Sadly, the browser wars did not end with the death of Netscape Navigator, It only intensified. Until this day, the wars are still on with browsers like Firefox, Google Chrome, Opera, Maxthon and Safari fighting for some share on the web. This rivalry encourages creativity and gives the users some options to choose from. Netscape Navigator was a beast back in the ‘90s, and it demands our reverence for being an original trendsetter. Unfortunately, Netscape can never recover its position on the web because of the new and upcoming browsers. Plus, the fact that the project is not longer funded, but it is still recognized as an important part of the history of the internet. Even in its death, Netscape Navigator remains one of the coolest browsers I have ever used in my time.
The Small Wins of Netscape: Other related Products.
Netscape’s success and popularity back in the 90s can be attributed to the success of a number of products developed by Netscape.
Firstly, the browser could not work without other products like Operating system e.g. Windows, Mac, or Unix. While the functionality required to run the browser is provided by all the 3 major Operating Systems, the actual performance needs to be estimated on a scale. The faster the Netscape browser could operate in all the scales, the better. These were the small wins that made Netscape stand out from other browsers. Netscape had a higher score on speed, interoperability, compatibility, expandability etc. Making it automatically to grab the top browser title back then.
Secondly, Netscape development owes a lot to complementary plug-ins from inside the browser. Some systems with their own internet interface have historically been related Netscape e.g., gopher and FTP which were at the time executed from a command prompt (for Unix, Windows & Mac). New users today don’t even know that Netscape existed.
The success of Netscape was due to the many multimedia plug-in applications that offered the browser enhanced multimedia. Video, audio, animation, virtual reality and image files comprising several types of files, such as RealAudio, Shockwave, Media Player and Voxwsware Toolbox were also supported as plugins.
Many of these applications seek to improve the experience of a user, regardless of his browser preference. Although Netscape undoubtedly profits from this arrangement, the best version of this additional partnership exists when Netscape’s browser Apps are exclusively built. For example, if Netscape was the only browser with a plug-in to allow users to read aloud text on the user’s computer, those who were keen to use Netscape as their browser would go for it because of that particular feature.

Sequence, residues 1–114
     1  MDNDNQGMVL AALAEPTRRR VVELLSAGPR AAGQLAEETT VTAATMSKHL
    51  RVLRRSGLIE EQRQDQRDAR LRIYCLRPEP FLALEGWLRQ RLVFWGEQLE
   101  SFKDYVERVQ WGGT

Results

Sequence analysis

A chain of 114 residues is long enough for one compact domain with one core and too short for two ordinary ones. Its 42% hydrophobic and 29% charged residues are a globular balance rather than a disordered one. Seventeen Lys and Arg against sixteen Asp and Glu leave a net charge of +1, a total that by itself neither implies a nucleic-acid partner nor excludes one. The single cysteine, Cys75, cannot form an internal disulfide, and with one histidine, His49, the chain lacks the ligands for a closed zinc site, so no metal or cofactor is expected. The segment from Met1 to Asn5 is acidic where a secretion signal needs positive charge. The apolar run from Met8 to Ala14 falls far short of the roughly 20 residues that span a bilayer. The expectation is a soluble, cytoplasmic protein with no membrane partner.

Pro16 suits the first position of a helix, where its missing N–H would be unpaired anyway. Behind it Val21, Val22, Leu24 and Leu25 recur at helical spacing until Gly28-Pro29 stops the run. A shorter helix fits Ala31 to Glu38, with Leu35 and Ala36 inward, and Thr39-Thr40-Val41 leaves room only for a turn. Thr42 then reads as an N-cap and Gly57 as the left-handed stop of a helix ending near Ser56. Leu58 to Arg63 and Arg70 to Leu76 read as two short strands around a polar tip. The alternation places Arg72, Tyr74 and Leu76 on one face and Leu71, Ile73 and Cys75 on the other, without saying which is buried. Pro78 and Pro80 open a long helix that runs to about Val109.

Lastly, several features that could be access via Netscape can be regarded as product complementary. The Netscape browser provided only few features, such as chat rooms, internet telephony, guestbooks, stock portfolios, date matching, java applets and e-commerce features. It was designed in a manner that the more people who used Netscape, the more resources were made available for it on the browser, hence it was favorited by many developers and gathered more positive reviews in return.
Why Netscape dominated the browser Market back in the 90s.
Wide distribution – the browser was widely distributed on the web. The company’s decision oto openly share its browser over the internet was the sole reason for its widespread use back in the 90s. It was shipped over the web in the mi-90s. Downloading the browser was free, allowing anybody with internet access too try it out.
Netscape’s business plan – Netscape business model at the time comprised of direct sales to the Fortune 100 companies and deals with numerous OEM companies such as Compaq, IBM, HP, Sun, and Digital.
Vast experience in Product distribution – Netscape corporation had a track history of successful product distribution strategies. All they did was to tap into this network in order to move the Netscape Navigator to its already wide user base.
Foresighted founders – the founders of the Netscape realized that the gains of the potential benefits of the browser was not much on the immediate benefits of the browser but more about the future integration with fast growing internet infrastructure and the growing Apps Market. They were actually investing in the future. In this sense, the company had gained from its initial success by expanding its product line with the full range of clients, servers, production tools, and commercial apps.
I still believe that the success of Netscape Navigator was great, even if it did not last for that long in the web. Netscape revolutionized the internet as we know it today and contributed a lot in the shaping of the then future of browsing. If it were not for Netscape, we would not be enjoying the flexibility, compatibility and the ton of features offered by Chrome, Firefox and its counterparts.
By publishing open standards and building synergistic collaborations, Netscape promoted “cooperation” which is the core of the new developers today. This helped to quickly broaden the browser’s market, providing the consumers with numerous complementary products and boosting demand and spread of the entire internet. Something that is still beneficial to the web developers today.
In as much as the web development industry has evolved so much, developers today are still borrowing such project development examples from Netscape. This simply means that Netscape will live forever.
What memories about Netscape Navigator do you hold dear?
Did you get a chance to use Netscape back in the 90s? How so you compare it to the latest browsers?